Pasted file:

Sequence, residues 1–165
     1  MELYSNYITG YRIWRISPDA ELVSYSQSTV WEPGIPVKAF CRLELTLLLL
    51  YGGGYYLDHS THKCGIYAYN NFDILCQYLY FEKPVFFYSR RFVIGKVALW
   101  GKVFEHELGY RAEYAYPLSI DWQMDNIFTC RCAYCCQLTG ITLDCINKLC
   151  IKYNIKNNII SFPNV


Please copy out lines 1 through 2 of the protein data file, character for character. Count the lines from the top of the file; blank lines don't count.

Sequence, residues 1–165
     1  MELYSNYITG YRIWRISPDA ELVSYSQSTV WEPGIPVKAF CRLELTLLLL